Using screencast-o-matic to help the students present their character trait paragraphsNext, I asked the students to draw a full sized picture of just that character group.  The picture was to include some of the character trait ideas in it, but really needed to convey that particular character group. (meaning, I wanted to be able to look at the picture and tell it was about the fliers, not the gnawers....which are the bats and rats, for those of you who haven't read the book ;))  

Afterwards, the students created a 6 slide Google Slide project.  They took a screen shot of the picture and inserted each one onto a different slide.  I also asked them to write the name of the character group on the slide for easy identification.
Using Google Slides in fifth grade to create a screencast-o-matic presentation of character traits

Using a screencast is a great way to get the students to present their material in a low stress environmentThen the real fun began.  Using a free program called Screencast-o-matic, the students read their paragraphs about the various character groups while recording their voices!  The screencast-o-matic recording box was set around their picture so that was the only thing shown as the voice was being recorded.   You can see it in the picture to the left.  The black and white box is the recording area.  The red button is the record button with a timer that tells the students how long they were talking.  When each student finished their reading, before moving on to the next slide, the recording was paused, and then restarted when the next slide was shown and the new student began to read!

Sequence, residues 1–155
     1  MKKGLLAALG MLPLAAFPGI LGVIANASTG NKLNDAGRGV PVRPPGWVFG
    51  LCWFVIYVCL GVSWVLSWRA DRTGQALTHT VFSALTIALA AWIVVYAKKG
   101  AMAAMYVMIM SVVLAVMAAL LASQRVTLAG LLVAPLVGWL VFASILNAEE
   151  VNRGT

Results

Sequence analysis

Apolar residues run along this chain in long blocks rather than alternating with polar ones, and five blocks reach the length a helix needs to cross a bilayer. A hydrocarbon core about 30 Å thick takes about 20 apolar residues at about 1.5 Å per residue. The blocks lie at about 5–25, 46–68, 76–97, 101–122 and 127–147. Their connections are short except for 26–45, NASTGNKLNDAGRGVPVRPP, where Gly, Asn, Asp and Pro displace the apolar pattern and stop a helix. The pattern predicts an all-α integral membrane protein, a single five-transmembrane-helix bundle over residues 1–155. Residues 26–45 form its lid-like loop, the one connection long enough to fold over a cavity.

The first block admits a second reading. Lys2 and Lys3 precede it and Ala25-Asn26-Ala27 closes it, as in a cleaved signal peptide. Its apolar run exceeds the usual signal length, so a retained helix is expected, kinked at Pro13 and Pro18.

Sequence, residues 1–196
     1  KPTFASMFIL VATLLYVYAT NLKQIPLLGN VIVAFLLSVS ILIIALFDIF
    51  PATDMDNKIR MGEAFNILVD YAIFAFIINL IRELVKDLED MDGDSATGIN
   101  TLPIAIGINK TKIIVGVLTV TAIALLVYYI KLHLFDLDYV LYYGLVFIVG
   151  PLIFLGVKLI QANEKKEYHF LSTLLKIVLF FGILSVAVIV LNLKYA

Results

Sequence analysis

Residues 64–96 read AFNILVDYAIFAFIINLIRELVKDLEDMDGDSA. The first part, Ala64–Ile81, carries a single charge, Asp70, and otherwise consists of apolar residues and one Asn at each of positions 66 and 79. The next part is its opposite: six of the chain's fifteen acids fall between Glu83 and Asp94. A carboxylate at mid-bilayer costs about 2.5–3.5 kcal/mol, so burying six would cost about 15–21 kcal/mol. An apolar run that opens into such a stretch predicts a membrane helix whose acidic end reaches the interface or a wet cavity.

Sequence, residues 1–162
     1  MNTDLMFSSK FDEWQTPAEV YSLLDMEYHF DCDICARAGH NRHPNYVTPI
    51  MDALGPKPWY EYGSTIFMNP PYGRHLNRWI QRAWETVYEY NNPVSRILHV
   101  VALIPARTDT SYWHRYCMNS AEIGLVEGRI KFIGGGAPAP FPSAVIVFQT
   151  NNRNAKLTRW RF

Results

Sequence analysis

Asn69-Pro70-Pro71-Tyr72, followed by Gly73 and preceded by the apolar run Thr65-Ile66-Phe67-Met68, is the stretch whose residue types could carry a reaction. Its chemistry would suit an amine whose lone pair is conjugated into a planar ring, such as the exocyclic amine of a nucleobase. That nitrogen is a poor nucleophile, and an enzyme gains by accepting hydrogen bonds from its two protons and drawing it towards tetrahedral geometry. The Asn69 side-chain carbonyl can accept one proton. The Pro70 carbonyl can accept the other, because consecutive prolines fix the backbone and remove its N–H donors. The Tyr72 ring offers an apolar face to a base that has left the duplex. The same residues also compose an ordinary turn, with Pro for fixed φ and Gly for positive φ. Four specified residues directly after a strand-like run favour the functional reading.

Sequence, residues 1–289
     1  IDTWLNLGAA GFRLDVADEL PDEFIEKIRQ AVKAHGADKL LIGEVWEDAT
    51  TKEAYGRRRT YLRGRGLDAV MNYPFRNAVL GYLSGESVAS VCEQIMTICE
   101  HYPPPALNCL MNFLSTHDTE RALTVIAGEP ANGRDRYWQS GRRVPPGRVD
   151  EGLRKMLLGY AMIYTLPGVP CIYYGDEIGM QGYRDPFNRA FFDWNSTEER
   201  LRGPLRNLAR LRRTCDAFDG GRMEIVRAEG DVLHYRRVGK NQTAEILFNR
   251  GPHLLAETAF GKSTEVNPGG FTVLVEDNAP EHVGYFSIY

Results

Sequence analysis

Now, what I have is a speaking sample for each student, a sample of them reading, evidence of their writing and group work, as well as a technology sample!  It had the added benefit of immediate buy in as well, as the students really, really wanted to do the screencast.  They knew that the final project was headed that way and they worked hard (and fast) to get there.  This was also such a low stress way to have the student, even my EL students, present their paragraphs.  They didn't have to be put on the spot and stand in front of everyone, yet they still spoke and practiced those oral skills they needed.

A little note:  The students used my laptop to do the actual screencast, as you do need to have an external microphone available (that is not present on the chrome books.)  This entire project took about 3 days to do, with the actual recording taking only one day to get all of the groups.  

Have you used Screencast-o-matic in your classroom?  How did you incorporate it?